The Writers Voice
The World's Favourite Literary Website

Your Life is in Your Wallet


Harry Buschman

The plane gained altitude and banked to the west. Charlie looked out the port  window of the 747. As a parting salute, it was common for Alitalia to do a flyover of Venice after leaving the airport. Looking down he could see the lagoon, the piazza and the campanile. He tried to see the new hotel and Julietta's apartment on the left bank, but he could see neither.

As the jet gained altitude, the butter yellow of the ancient stucco walls and the red tile roofs blended to pink in the afternoon sun. A moment later the pink had mixed with the blue haze of the Adriatic and a small patch of lilac was all that could be seen of Venice. It was time to read her letter.

Dear Carlo,

You will pardon me that I could not say goodbye at the airport. I am emotional about such things. It is good you are going home. Home is where you belong, dearest Carlo.

In your bag I have a present for you, it is the magic doorknob made in Murano. You remember how it caught the sun in the first light of morning? How it showed pictures on the ceiling of our bedroom? I thought it might do the same for you in Santa Francesca. You can say you took it from your hotel.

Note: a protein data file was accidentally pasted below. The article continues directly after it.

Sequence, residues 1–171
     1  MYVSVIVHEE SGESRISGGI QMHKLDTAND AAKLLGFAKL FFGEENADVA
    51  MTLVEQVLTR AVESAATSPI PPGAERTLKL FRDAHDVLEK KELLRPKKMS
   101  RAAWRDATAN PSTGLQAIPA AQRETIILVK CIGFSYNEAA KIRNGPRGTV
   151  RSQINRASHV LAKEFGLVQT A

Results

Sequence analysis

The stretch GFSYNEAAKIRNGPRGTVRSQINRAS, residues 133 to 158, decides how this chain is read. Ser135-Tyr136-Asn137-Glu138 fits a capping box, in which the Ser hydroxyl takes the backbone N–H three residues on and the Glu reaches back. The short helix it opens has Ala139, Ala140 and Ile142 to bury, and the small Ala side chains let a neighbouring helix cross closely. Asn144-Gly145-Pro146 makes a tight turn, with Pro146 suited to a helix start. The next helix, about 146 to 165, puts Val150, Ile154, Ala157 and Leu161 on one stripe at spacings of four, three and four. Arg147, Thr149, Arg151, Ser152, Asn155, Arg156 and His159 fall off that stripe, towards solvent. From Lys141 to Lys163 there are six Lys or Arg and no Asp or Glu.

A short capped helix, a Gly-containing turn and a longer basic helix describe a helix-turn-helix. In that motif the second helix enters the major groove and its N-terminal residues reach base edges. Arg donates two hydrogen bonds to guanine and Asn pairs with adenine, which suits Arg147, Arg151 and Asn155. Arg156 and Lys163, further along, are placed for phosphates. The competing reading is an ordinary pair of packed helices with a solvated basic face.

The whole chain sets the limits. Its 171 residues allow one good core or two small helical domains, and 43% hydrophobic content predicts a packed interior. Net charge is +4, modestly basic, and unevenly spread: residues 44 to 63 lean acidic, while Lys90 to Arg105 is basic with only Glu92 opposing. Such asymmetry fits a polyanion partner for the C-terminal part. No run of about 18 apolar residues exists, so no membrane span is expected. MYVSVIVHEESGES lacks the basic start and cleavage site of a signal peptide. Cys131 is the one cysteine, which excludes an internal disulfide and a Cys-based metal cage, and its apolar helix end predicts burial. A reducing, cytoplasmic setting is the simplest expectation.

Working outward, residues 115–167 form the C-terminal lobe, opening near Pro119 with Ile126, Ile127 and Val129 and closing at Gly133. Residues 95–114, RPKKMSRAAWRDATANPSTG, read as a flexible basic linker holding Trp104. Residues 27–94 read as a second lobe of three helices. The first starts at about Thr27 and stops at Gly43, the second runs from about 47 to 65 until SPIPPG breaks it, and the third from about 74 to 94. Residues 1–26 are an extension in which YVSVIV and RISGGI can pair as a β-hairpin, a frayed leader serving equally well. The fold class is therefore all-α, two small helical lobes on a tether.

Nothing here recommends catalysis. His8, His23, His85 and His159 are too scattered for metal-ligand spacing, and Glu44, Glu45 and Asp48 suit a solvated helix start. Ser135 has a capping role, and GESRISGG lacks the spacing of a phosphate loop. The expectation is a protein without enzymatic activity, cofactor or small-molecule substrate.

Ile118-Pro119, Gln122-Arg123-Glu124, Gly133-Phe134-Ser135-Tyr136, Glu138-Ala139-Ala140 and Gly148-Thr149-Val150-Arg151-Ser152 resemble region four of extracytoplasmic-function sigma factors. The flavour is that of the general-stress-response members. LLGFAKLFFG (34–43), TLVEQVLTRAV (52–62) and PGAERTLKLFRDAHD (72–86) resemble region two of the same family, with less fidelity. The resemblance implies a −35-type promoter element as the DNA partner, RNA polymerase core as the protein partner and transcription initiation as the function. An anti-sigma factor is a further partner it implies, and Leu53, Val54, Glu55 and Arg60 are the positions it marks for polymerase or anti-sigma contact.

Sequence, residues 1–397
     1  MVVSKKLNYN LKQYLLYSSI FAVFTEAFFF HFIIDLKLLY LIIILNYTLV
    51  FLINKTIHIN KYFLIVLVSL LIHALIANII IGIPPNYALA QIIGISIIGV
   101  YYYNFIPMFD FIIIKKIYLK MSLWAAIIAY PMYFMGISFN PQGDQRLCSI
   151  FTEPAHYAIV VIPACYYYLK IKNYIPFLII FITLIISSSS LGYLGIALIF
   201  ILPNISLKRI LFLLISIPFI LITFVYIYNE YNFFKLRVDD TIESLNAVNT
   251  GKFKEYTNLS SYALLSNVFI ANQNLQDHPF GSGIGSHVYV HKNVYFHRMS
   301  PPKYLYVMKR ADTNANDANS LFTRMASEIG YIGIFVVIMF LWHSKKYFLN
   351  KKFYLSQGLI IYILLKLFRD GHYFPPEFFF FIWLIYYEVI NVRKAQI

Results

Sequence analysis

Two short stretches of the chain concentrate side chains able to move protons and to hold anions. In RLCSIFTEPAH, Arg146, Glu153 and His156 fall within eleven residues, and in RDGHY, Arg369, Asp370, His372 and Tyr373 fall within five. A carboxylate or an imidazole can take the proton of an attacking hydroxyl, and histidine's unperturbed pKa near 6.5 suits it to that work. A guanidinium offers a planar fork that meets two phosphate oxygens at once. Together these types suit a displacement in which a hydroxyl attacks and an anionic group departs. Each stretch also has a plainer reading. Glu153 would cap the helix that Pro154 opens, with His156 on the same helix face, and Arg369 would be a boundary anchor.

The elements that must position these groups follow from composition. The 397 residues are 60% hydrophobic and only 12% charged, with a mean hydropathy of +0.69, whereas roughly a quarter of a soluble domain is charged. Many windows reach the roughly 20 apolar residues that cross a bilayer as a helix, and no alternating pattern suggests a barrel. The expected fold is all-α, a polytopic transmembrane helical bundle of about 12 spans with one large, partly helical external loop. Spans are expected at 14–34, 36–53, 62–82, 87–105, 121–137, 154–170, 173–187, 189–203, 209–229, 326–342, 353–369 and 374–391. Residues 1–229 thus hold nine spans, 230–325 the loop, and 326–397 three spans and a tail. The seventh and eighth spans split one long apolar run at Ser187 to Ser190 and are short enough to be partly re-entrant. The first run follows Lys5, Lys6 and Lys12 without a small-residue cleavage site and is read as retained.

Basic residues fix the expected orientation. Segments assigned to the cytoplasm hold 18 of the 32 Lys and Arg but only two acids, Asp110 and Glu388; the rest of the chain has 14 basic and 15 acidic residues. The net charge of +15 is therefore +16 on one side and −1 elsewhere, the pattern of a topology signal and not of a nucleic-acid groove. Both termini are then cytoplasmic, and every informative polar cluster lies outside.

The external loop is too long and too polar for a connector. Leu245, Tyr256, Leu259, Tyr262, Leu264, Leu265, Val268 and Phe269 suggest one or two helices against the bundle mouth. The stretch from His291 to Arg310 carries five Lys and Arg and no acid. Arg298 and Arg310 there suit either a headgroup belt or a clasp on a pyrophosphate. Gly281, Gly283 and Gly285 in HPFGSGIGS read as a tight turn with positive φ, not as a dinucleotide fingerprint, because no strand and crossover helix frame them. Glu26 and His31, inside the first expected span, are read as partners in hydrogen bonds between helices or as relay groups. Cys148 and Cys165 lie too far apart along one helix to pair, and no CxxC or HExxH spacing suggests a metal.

Your life is in your wallet, Carlo.

io tamo,


A letter short enough to be remembered. He read it twice more, then he got up, found an empty washroom and reluctantly flushed it away. "Your life is in your wallet, Carlo." She meant Davy and Louise. Their pictures were almost a year old now. Louise would be eleven and Davy nine. The hotel was finished, he was going home for the sake of the children.

How did Charlie and Joyce fall out of love after two children, a good job and a beautiful house on a hill overlooking Oakland Bay? They did it a day at a time. The business of falling out of love came slowly, there was less and less of mutual interest every passing day .... one thing forgotten lead to another thing forgotten. Eager to get away in the morning and reluctant to go home at night. Soon they found themselves with nothing to say to each other, and without a second thought Charlie accepted a field engineer's job for the hotel "Habitat" in Venice. The separation might help to strengthen the roots. That's what Julietta meant.

"You cannot give up your roots, Carlo. Listen to me -- what we have today will pass. It cannot put down roots, it will turn bitter. Here in Italy we have a drink we call "Digestivo" Carlo, "Digestivo." After the best and clearest of the wine is made, then we make "Digestivo" from the stems, the seeds and the skins."

Julietta! If he could only start over again with Julietta! He could see her face when he closed his eyes. Olive skin and soft brown eyes, as brown as a pony's eyes, and with that fine blond hair so many women of northern Italy are born with. "To keep us from showing our gray," she said.

The gray was there of course, if you looked carefully you could find the gray. They would search for gray in the morning while she brushed her hair.  Then Charlie would get dressed and make coffee. Coffee as strong as he could make it. He could never make it strong enough for Julietta. Then she would kick him out. "Get off to your job .... go! You are building a hotel, no? People are waiting for you out there. Besides, I must have time for myself. You think I have no responsibilities?"